Thursday, August 07, 2008

Israel Flexes Military Option for Iran's Nuclear Program

Israel flexes military option for Iran's nuclear program

Buildup comes as diplomatic push to halt nukes suffers

August 7, 2008

JERUSALEM -- Israel is building up its strike capabilities amid growing anxiety over Iran's nuclear ambitions and appears confident that a military attack would cripple Tehran's atomic program, even if it can't destroy it.

Such preparation could be more a threat than an indication of an imminent attack. However, Iran's refusal to stop work on its nuclear program is worrying Israel, as is the perception that the U.S. government now prefers diplomacy over confrontation with Iran.

Israel has purchased 90 F-16I fighter planes that can carry enough fuel to reach Iran and will receive 11 more by the end of next year. It has bought two new Dolphin submarines from Germany capable of firing nuclear-armed warheads -- in addition to the three it already has.

And this summer it carried out air maneuvers in the Mediterranean that touched off an international debate over whether they were a dress rehearsal for an attack, a stern warning to Iran or a just a way to get allies to step up the pressure on Tehran to stop building nukes.

According to foreign media reports, Israeli intelligence is active inside Iranian territory. Israel's military censor, who can impose a range of legal sanctions against journalists operating in the country, does not permit publication of details of such information in news reports written from Israel.

The issue of Iran's nuclear program took on new urgency this week after U.S. officials rejected Tehran's response to an incentives package aimed at getting it to stop sensitive nuclear activity -- setting the stage for a fourth round of international sanctions against the country.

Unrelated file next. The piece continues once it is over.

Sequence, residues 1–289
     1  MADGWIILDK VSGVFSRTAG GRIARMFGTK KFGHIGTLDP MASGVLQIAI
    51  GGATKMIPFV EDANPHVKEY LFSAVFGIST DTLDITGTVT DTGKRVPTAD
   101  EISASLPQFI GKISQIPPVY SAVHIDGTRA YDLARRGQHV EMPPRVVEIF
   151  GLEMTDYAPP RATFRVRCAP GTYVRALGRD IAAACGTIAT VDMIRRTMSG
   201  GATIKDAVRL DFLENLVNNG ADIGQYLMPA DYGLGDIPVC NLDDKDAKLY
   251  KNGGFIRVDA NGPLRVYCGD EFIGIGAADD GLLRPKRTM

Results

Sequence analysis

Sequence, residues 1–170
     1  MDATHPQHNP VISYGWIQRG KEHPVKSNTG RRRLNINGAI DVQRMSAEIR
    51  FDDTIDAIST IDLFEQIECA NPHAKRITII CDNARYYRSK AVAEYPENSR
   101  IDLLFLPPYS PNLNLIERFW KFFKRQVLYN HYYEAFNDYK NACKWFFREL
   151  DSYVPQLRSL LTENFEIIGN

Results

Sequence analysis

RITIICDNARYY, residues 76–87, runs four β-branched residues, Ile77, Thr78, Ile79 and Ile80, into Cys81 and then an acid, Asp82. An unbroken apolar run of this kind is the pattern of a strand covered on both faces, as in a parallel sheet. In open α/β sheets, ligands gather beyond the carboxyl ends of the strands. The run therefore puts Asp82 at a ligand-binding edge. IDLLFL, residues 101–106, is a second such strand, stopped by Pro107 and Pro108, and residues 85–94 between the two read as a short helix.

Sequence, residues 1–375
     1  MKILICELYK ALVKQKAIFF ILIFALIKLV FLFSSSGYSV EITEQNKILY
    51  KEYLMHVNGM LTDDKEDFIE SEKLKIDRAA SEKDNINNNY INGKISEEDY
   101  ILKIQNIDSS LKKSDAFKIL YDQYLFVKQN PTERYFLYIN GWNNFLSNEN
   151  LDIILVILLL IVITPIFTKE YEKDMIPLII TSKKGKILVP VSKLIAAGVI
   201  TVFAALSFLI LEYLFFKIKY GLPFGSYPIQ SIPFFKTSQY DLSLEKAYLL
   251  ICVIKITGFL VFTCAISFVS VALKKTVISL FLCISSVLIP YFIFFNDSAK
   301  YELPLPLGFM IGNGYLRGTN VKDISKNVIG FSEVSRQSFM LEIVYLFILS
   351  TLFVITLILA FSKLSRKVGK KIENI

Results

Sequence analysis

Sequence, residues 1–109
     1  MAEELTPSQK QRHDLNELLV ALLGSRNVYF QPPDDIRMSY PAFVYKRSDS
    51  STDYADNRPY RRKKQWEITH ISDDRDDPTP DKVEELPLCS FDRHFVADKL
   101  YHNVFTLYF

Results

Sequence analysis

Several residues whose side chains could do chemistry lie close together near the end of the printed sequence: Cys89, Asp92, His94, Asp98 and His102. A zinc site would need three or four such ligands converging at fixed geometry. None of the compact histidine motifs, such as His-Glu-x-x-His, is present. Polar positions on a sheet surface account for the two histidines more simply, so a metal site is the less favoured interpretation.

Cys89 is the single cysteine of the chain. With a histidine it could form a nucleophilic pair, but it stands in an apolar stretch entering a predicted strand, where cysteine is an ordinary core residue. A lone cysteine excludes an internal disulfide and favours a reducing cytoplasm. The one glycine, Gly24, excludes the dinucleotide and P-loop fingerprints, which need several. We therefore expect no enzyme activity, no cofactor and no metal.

Israel, itself an undeclared nuclear power, sees an atomic bomb in Iranian hands as a direct threat to its existence.

Israel believes Tehran will have enriched enough uranium for a nuclear bomb by 2010. The United States has trimmed its estimate that Iran is several years or as much as a decade away from being able to field a bomb but has not been precise about a timetable. In general, U.S. officials say Iran isn't as close to a bomb as Israel claims, but they are concerned that Iran is working faster than anticipated to add centrifuges, the workhorses of uranium enrichment.

"If Israeli, U.S. or European intelligence gets proof that Iran has succeeded in developing nuclear weapons technology, then Israel will respond in a manner reflecting the existential threat posed by such a weapon," said Israeli Deputy Prime Minister Shaul Mofaz, speaking at a policy forum in Washington last week.

"Israel takes Mahmoud Ahmadinejad's statements regarding its destruction seriously," Mofaz said, referring to the Iranian president. "Israel cannot risk another Holocaust."

Ahmadinejad in the past has called for Israel's elimination, though his exact remarks have been disputed. Some translators say he called for Israel to be "wiped off the map," while others say a better translation would be "vanish from the pages of time" -- implying Israel would disappear on its own rather than be destroyed.

Iran insists its uranium enrichment is meant only for electricity generation, not a bomb -- an assertion that most Western nations see as disingenuous.

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